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San Francisco by Richard Connema

An Unpretentious Production of The Full Monty

Also see Richard's reviews of The Tempest and Black n Blue Boys/Broken Men

The Full Monty
Wendell H. Wilson, Derek Travis Collard, Joshua Fryvecind, Ross Neuenfeldt, David Mister and
C. J. Dion

Ray of Light Theatre's The Full Monty starts very slowly, and the balance between the large orchestra and singers always seems to be in favor of the band. At the performance I attended, many of the lyrics were lost, especially in "It's A Woman's World", "Life with Harold" and "Big-Ass Rock." Although the band rocks under the baton of Ben Prince, it is just too big a band for the small Eureka Theatre. However, in the second act the lyrics of "Jeannette's Showbiz Number" and "You Walk with Me" are clearly heard. Hopefully, this has improved as the musical continues through June 30th.

The Full Monty closely follows the British film; however, it's now Buffalo, New York, where times are hard. The show really takes off in the sidesplitting audition scene as the anxious prospects strip to show their worth—or other characteristics, in the case of Ethan, played very well by Ross Neuenfeldt. The highlight of the scene is sixty-ish and hobbling Horse, played beautifully by Wendell H. Wilson. He brings the show down with his rendition of "Big Black Man."

What can you say about the final scene, with the sight of six very assorted men, most of whom look as though they have been raising a beer glass or eating a large cheeseburger rather than lifting weights, taking off their clothes. Of course, we don't really get to see the "full monty," due to the work of Lighting Designer Cathie Anderson. Stage designer Maya Linke uses the small stage to good effect to present this audience friendly show. The seven-piece orchestra sits directly behind the set.

Much of the humor in Terrence McNally's snappy libretto and David Yazbek's jazzy music and sly lyrics derives from these would be Chippendales confronting self-esteem challenges, stage fright, and macho double standards to put together their bare-all show.

Joshua Fryvecind has good vocal chops as Jerry Lukowski, an unemployed father. It's an adult version of the Mickey Rooney "Hey kids, let's put on a show" scenario. His interactions with ex-wife Pam (Leslie Waggoner) are convincing, and there is compassion believably played with son Nathan, handled ably by newcomer Elijah Diamond, to give the play its real face. J.D. Dion provides able support to Jerry as the cumbersome buddy Dave, and Ross Neuenfeldt gives an energy-driven performance as Ethan, a Donald O'Connor wannabe. Wendell H. Wilson rocks the house with his bumping and spinning and great funky chicken in the "Big Black Man" number. Derek Travis Collard's low-key Harold is good.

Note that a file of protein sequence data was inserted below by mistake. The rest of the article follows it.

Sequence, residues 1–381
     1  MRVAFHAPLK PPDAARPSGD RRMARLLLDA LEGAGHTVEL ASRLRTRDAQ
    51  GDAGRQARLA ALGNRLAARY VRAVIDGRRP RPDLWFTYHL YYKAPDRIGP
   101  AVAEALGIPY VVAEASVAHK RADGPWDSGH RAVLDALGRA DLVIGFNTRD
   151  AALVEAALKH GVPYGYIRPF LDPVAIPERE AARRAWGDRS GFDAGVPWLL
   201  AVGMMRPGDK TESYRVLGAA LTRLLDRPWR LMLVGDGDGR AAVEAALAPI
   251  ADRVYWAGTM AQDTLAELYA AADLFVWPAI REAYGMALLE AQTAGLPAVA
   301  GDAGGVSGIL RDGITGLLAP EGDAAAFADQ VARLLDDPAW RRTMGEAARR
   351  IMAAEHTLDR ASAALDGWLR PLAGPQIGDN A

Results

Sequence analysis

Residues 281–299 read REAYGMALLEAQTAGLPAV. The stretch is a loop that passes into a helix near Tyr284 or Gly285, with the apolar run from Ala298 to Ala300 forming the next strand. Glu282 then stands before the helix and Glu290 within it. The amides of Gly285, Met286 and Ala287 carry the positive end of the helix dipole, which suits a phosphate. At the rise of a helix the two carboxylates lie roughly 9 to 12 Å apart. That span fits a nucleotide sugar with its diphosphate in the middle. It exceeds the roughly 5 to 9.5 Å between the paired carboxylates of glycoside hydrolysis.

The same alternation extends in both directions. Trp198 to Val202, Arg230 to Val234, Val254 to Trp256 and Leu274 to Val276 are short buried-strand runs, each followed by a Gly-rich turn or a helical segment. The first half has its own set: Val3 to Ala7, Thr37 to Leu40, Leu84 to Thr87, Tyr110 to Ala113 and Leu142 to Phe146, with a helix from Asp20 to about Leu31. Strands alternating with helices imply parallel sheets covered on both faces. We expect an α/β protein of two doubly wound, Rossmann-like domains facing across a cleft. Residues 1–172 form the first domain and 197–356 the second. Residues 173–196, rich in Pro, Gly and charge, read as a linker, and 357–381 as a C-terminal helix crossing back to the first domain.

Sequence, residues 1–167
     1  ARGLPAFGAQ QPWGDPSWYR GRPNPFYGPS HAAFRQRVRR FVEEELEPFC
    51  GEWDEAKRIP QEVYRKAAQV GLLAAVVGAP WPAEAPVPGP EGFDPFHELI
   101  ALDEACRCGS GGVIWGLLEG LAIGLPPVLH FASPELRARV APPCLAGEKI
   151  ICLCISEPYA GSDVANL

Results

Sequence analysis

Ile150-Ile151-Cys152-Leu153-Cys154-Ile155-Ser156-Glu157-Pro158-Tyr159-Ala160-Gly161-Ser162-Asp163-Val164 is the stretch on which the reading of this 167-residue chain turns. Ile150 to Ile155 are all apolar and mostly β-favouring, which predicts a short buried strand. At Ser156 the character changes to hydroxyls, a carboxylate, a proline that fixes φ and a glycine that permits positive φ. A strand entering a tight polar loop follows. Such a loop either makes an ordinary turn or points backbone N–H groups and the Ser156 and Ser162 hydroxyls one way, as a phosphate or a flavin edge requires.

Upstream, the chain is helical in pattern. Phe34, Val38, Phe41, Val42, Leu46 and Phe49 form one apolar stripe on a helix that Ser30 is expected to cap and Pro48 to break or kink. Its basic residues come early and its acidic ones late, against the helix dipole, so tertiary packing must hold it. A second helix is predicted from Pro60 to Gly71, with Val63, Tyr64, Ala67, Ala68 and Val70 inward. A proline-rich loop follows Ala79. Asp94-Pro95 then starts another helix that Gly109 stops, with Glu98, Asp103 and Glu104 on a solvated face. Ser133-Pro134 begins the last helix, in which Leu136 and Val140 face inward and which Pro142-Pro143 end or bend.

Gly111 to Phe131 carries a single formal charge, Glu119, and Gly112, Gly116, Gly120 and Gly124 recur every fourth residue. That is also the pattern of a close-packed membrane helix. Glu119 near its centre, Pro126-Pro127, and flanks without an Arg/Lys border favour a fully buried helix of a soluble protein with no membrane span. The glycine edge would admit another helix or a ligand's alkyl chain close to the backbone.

The female roar of emancipation, "It's a Woman's World," is led with verve by Helen Laroche as Georgie, Dave's wife. Brie Martin has great vocal chops singing "Life with Harold" while singer/songwriter/bandleader Cami Thompson is outstanding as the spunky Jeannette Burmeister, the showbiz pianist. She has a lot of pizzazz singing "Jeanette's Showbiz Number." This consummate artist is a fail-safe comic engine as Jeannette, who doesn't mince words when assessing her very immature colleagues.

Melinda Campero, Sophia Campobasso, Katherine Cooper, Danielle DiPaola, Maria Duzon, Philippe Gosselin, Sara Hauter, Daniel Hurst, David Mister, Bill Tankovich, Chris Uzelac and Gwynn Villegas are effective in their various roles.

Mary Kalita's choreography is exuberant, especially the basketball-inspired dance number "Michael Jordan's Ball" and the strip show finale "Let it Go." The production is crisply directed by Peter Cattaneo.

The Full Monty plays at the Eureka Theatre through June 30th. Tickets can be obtained by going to www.roltheatre.com. Coming up next is Sweeney Todd, opening at the Eureka Theatre on July 13th.


Photo: Claire Rice

- Richard Connema



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